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Things to Do

The Weekend It List:Sept. 28-Oct. 30

Your time off is precious.

We happen to spend our on-the-clock hours combing through the many options NYC has to offer, so let us help you maximize those days off. Every week, we distill the very best the weekend has to offer.

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Eat it.

Vegan eating isn't just for vegans anymore. We
Photo Credit: Erika Kramer

Vegan eating isn't just for vegans anymore. We could quantify with studies (e.g., a Nielsen report that found 17 percent year-over-year sales growth for plant-based products), but the anecdotal evidence is far more satisfying -- at least where your belly is concerned.

Exhibit A: The proliferation of vegan restaurants includes plenty of newbies (Rip's Malt Shop in Fort Greene and a sixth By Chloe outpost in the Seaport District, among others). The newest of the all-vegan spots is Carroll Gardens' Sans, from Eleven Madison Park alum Champ Jones. Via a fine dining approach, he says, he hopes to "spur interest in what you can do without animal product."

Also for your evidentiary approval is the Vegandale, a vegan festival that returns supersized -- two days instead of one -- to Randall's Island on Saturday. Vegans and vegan-curious alike can peruse about 100 vendors. "Whatever you already enjoy to eat has been veganized," Eva Lampert, a festival director, says.

Explore it.

For some of us, it's the padded vinyl
Photo Credit: Riley Arthur

For some of us, it's the padded vinyl booths, the comfy nook within a nook. For others, it's the coffee, thin enough to reply "yes, please" to every topper. Or: a menu that travels from the American South to Greece, authentically delightful service, the possibility of breakfast all day long.

What do you most love about diners?

For photographer Riley Arthur, it's the overall aesthetics. Charmed after her very first New York diner experience -- at Neptune in Astoria -- and concerned as others shuttered, she embarked on a mission to photograph as many city spots as possible.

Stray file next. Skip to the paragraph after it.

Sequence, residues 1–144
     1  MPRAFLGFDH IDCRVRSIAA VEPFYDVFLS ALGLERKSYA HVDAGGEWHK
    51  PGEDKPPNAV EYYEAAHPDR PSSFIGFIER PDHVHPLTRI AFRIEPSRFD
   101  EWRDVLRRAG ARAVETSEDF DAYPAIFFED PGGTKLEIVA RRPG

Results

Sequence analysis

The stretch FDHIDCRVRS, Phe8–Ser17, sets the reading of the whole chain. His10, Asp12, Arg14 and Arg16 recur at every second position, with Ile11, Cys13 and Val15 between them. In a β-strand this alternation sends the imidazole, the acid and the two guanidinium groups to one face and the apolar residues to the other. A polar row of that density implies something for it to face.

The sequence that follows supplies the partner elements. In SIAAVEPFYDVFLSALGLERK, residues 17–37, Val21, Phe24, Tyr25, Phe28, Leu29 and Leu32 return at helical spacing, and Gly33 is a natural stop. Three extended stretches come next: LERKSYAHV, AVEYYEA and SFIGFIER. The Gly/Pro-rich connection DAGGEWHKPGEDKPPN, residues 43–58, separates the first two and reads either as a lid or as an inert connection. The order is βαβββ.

"I started with the really iconic places," she says. But, dedicated to representing all five boroughs, at this point Arthur figures she's "seen more of New York than most New Yorkers do in a lifetime." Just over the past four months, she's shot more than 200 diners. And that's not counting the places she tried to document but just didn't make it in time.

Which is a lesson to all who love this quickly disappearing sector of Americana: Go forth and explore, before it's too late.

Arthur told us one place per borough that she recommends, and, for a wider swath of inspiration, all of the photos are on her @dinersofnyc Instagram.

"It's all about the ambiance," she says. "It's all about capturing the essence of each individual diner."

Werk it.

Trixie Mattel promises that DragCon
Photo Credit: Movi Inc. for World of Wonder

Trixie Mattel promises that DragCon "is like being in the eye of a hurricane of people who love drag." And who are we to disagree with a country-singing, pink-clad, blonde-bouffanted performer with her very own action figure?

One of the more famous drag queens to emerge from "RuPaul's Drag Race" -- witness her hilariously unhinged, lo-fi show on Vice -- Trixie gave us advice on how to approach round two of the NYC rendition of RuPaul's drag Disneyland. For one, you should check your stranger danger impulses at the door.